Little Red Wolf: What you bring in your baggage is your own business


The story of Little Red Riding Hood has always been a wonderful morality tale. The interpretation of it has been wide spread. Some view it as a cautionary story telling of the dangers of strange men with young girls. Others interpret as following the righteous path vs the non. Some view Red Riding Hood as nothing but a playful story and don't read any deeper. Each person who reads or hears it has a slightly different take, and it impacts them at some level. I myself have always been a fan of the Riding Hood story, but in recent years have felt inundated by exposure to the tale. It seems like corporate commercials, TV shows, and the likes are all stabbing at it and taking reference. 

Maybe this is simply an artifact of my own generation, that the age bracket I inhabit was more strongly influenced than others. 



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Little Red Wolf (Amélie Fléchais)

Translated by Jeremy Melloul
80 pages
Lion Forge
ISBN-10: 1941302459
ISBN-13: 978-1941302453

Little Red Wolf was a fresh approach that did not follow directly in the footsteps of the original, meandering its own path through the woods, damn the consequences. I read this on the couch with my 3-year-old daughter. She was easily as captivated as I was, with beautiful artwork and lyrical text that flows from the pages.


Little Red Wolf is the tale of a small cub who is sent on a trip through the woods to his Grandmother's house. His Grandmother is too old and frail to hunt for herself, so presented with a dead rabbit to deliver, Little Red Wolf heads through the forest. He is given classic advice to stay the path and avoid the area where the Hunter and his daughter live, for they are killers of wolves and will give no mercy.



Little Red is easily distracted and finds himself lost in the woods, with no idea where the safe trail can be found. He eats bits and pieces of his delivery food until all that is left is bones. He is afraid he will be in trouble, as children do, begins to cry.


This is where the story changes from the traditional morality tale and becomes a great work unto itself. The wolf is approached in the forest by a young beautiful girl. The girl seems to be nice and is willing to help the wolf get a new fresh rabbit to take to his grandmother.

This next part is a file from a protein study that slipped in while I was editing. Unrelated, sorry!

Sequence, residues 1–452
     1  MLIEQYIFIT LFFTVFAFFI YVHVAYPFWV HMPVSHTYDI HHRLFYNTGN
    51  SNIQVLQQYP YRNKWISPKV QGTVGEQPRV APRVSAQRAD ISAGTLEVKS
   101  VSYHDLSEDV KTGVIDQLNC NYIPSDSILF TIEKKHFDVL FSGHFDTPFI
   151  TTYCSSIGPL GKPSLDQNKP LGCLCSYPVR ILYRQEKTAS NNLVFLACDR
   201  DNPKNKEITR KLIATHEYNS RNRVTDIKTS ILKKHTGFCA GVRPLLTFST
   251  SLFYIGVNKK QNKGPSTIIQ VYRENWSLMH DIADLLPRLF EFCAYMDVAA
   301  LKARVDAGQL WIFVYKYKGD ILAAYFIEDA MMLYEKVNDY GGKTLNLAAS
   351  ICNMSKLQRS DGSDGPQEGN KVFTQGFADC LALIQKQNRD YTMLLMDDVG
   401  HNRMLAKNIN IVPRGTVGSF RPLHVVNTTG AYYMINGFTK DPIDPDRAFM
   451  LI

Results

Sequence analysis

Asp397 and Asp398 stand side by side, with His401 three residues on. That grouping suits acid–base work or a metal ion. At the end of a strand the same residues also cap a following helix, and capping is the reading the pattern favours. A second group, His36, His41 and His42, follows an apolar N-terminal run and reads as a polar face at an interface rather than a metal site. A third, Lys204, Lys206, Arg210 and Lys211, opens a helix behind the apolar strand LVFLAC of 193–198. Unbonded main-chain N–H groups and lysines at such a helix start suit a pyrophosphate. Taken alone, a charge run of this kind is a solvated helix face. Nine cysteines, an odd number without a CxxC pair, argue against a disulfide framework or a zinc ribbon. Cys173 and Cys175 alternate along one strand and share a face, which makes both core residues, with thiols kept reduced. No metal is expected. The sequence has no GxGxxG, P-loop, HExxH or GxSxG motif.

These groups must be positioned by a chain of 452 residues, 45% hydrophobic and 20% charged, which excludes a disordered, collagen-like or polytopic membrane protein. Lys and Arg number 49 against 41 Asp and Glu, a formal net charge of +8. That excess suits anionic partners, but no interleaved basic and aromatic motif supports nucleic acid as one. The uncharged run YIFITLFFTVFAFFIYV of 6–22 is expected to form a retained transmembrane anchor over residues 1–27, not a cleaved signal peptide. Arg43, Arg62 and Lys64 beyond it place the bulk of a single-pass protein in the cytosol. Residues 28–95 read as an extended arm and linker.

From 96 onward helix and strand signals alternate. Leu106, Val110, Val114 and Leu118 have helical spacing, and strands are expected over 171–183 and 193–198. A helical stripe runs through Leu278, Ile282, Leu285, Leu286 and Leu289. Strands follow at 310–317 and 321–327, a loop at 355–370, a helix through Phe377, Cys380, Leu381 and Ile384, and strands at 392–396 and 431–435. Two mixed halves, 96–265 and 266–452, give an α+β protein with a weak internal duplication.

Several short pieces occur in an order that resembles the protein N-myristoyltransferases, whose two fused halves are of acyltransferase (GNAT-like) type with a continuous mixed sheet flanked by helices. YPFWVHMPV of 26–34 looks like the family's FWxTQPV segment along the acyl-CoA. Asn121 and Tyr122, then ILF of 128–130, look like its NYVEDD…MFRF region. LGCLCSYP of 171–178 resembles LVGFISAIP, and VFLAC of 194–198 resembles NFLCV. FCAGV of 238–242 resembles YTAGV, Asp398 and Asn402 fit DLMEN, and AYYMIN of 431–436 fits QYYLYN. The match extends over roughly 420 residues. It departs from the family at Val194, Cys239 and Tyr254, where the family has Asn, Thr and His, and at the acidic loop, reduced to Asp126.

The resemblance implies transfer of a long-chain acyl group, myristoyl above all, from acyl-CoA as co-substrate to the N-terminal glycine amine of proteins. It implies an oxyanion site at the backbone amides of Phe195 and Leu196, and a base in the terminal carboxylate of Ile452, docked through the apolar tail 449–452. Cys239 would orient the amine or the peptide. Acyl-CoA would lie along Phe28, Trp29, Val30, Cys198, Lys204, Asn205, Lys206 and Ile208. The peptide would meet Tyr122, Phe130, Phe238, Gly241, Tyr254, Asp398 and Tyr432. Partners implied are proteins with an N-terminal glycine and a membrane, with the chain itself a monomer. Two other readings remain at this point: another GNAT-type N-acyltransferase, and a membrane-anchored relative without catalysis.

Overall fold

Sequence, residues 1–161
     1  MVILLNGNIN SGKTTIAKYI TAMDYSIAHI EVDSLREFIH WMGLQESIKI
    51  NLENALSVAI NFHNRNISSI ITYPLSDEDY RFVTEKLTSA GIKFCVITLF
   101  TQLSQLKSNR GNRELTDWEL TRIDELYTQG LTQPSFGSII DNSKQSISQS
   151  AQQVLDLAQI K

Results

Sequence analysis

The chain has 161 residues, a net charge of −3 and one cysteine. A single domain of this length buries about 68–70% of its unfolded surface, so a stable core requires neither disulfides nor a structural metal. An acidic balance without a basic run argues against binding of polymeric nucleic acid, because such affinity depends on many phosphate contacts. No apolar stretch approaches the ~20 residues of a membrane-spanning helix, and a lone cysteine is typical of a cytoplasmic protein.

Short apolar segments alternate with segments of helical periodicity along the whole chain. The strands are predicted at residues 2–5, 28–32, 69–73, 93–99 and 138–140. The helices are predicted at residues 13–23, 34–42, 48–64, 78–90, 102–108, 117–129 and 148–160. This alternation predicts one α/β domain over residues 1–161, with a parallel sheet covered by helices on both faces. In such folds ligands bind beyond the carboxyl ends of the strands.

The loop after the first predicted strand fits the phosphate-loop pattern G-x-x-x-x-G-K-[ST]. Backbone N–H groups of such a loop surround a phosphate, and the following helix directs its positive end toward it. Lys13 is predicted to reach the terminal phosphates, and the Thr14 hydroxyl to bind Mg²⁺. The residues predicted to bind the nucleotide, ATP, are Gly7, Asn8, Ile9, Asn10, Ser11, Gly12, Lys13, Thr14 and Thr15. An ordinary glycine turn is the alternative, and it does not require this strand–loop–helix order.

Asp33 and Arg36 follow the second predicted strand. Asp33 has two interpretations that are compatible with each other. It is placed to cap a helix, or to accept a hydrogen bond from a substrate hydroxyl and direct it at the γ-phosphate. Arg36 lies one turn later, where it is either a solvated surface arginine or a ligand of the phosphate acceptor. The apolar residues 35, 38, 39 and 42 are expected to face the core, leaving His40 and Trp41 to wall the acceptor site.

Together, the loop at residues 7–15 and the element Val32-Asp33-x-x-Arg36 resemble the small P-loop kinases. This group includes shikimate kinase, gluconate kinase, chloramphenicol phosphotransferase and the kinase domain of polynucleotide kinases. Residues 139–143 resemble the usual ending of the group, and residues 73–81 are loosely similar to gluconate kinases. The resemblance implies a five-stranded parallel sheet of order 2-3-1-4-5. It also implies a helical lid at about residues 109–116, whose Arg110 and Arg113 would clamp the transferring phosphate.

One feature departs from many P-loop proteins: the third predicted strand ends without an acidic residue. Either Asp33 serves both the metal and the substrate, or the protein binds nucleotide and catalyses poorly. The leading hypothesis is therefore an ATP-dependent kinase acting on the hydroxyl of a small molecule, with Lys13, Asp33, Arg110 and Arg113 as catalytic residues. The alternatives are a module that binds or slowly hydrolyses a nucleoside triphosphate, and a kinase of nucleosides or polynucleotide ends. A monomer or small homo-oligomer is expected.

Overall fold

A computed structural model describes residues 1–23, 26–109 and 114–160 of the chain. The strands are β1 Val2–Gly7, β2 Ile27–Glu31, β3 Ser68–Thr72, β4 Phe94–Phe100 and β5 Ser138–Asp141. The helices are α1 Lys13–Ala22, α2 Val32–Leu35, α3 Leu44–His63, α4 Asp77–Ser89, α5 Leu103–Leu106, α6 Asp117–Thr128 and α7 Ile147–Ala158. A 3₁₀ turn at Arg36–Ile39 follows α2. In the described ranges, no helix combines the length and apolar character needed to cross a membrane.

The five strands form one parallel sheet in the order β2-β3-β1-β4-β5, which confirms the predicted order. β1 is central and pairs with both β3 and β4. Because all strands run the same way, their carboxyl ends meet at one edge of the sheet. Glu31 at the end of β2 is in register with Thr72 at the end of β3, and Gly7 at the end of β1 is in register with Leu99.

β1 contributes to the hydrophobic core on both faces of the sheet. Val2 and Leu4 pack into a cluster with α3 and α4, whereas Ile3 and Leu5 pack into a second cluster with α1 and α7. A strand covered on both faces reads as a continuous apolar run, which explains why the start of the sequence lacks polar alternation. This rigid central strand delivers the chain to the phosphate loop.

The little girl takes the wolf to her home, telling him a tale of a man who fell in love with a wild woman of the forest (her mother and father). She speaks of the adventure and terrors they fought. It turns out that every story has multiple interpretations, just like the original story of Red Riding Hood. While no single telling of the story is wrong, with out all the facts, they are exactly that, interpretations alone.


This book was really amazing. Lion Forge really seems to have tapped into a graphic novel and comic market that non-French speaking individuals should be giddy to gain access to, as this is another Translation success.  This is the second translation I have read by Jeremy Melloul, and I am very impressed by the ease it crosses over the barrier, feeling like it was native to English, rather than a clumsy duplication.

The core story, written and drawn by Amélie Fléchais, is outstanding. Being that this was read with my daughter, I felt very comfortable with the beautiful artwork, topic matter, and overall presentation. The story itself was more in the presentation of a short children's book rather than a graphic novel, and it reads easily and clearly. I will have to search for other work (written or artistic) by her.

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Disclosure: This graphic novel was presented to me for review purposes by the publisher. I should have told them that while reviewing I might probably be eating donuts and an altered mental state by proxy of sugar high may be in play. I doubt they would have listened, however, as people just assume that fat bearded men are probably always eating donuts, sitting next to cops perhaps, or in basements hiding like trolls in some Tolkien-esque nightmare. I can vouch however that if I DID eat a donut, the sugar and carbs associated did not sway my opinion of this work, neither did the early access copy that my review is based on.  

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